Home / Industry / Telecom /  Voda Idea may raise tariffs further this year, says CEO
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NEW DELHI : Vodafone Idea (Vi) may go for another tariff hike in 2022, said chief executive officer and managing director Ravinder Takkar said in a conference call with analysts on Monday, adding that the last round of tariff hikes in November happened after two years which was too long.  

Vi aims to conclude fund raising by March this year following renewed interest from investors, after opting for moratorium on spectrum payments and conversion of interest from deferment to equity, the top executive said, adding that funds would be used to build higher capex for improving 4G network coverage.  

Vi also expects to receive majority of 170 billion in bank guarantees back from the government which will reduce bank debt exposure and in turn provide new bank funding.   

“We would expect that it's possible that it could be another price hike in 2022, but certainly, at some point, a price hike will take place," Takkar said.  

In the last two quarters, the carrier increased tariffs on entry-level prepaid plans from Rs 49 to Rs 79 and increased tariffs on certain postpaid plans across retail and enterprise segments. It also moved the entry-level prepaid plan to Rs 99, which helped improve ARPU by 5.2% to Rs 115 in December to 109 in the prior quarter.  

Takkar noted that the last price hike in November 2021 was almost two years later, “which I believe is a bit too long. So, we certainly would expect less than two years," Takkar said. He added a caveat that in 2022 the company will wait and see the pace at which the tariff hikes get embedded. “Probably, potentially it could be in 2023 as well," he stated.  

Takkar downplayed the loss of 5.8 million subscribers in its customer base and dip in data usage, attributing it to SIM consolidation and the impact of tariff hikes. The carrier saw 0.8 million increase in 4G customers in the December ended quarter.   

Vodafone Idea’s loss widened in the December quarter even as the struggling telecom operator reported higher revenue and average monthly customer phone bills. Loss widened to Rs 7,230.9 crore in the three months ended 31 December from Rs 7,132.3 crore in the preceding quarter, while revenue rose sequentially by 3% to Rs 9,717 crore from Rs 9,406 crore. In the year-ago period, the company had reported a loss of Rs 4,532 crore on revenue of Rs 10,894.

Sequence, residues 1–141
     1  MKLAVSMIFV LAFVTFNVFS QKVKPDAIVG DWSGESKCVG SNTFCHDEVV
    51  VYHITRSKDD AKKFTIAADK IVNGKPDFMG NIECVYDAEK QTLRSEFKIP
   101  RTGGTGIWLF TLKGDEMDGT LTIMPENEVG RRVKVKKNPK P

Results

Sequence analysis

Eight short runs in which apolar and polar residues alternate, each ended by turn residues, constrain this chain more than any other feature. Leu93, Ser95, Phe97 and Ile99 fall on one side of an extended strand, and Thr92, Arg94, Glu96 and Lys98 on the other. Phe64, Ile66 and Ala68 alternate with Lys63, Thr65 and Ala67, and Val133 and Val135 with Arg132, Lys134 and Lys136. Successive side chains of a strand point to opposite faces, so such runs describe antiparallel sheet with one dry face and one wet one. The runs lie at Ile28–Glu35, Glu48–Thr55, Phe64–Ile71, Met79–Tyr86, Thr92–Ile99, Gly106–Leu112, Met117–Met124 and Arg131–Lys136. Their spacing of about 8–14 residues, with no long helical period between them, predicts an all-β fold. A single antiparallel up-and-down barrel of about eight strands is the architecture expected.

The average revenue per user, a key profitability metric for the telecom sector, increased by 5.2% to Rs 115 in the December quarter from Rs 109 in the preceding three months, reflecting the impact of tariff hikes in November. 

Takkar said that the impact of the tariff hikes will be seen into the quarter ending March 2022 and the following quarter as well.  

The debt-laden carrier which saw its net-debt increasing to Rs 1.97 trillion as of 31 December from Rs 1.94 trillion in the year-ago period,  

“We have seen renewed interest from investors. We will make suitable disclosures on the fundraising as appropriate to the target to conclude this exercise during this fiscal year," Vi chief executive officer and managing director Ravinder Takkar said in a conference call with analysts on Monday. 

In response to a question on the quantum and timeline of return of bank guarantees from the department of telecommunications, as part of the relief package offered to the telecom sector, chief financial officer Akshaya Moondra said that a total of 170 billion was expected to be returned, of which 20 billion was related to license fee – of which half has been refunded – and the rest was related to spectrum charges which the government was still processing.  

The loss-making carrier’s gross debt increased to Rs 1.99 trillion in the December quarter, which comprised deferred spectrum payment obligations of Rs 1.1 trillion, adjusted gross revenue (AGR) liabilities of Rs 64,620 crore, and borrowings of Rs 23,060 crore from banks and other financial institutions. 

“We are expecting that based on this bank guarantee reduction and exposure of banks going down to this extent, we should be able to substitute it by new facilities which will be a mix of funded facilities and non-funded facilities in the form of LCs (line of credit), which will enable us to get vendor finance, which will then effectively becomes a funded facility," Moondra said.   

“So we are expecting that entire return of bank guarantees should become available to us in the form of new bank funding," he added.


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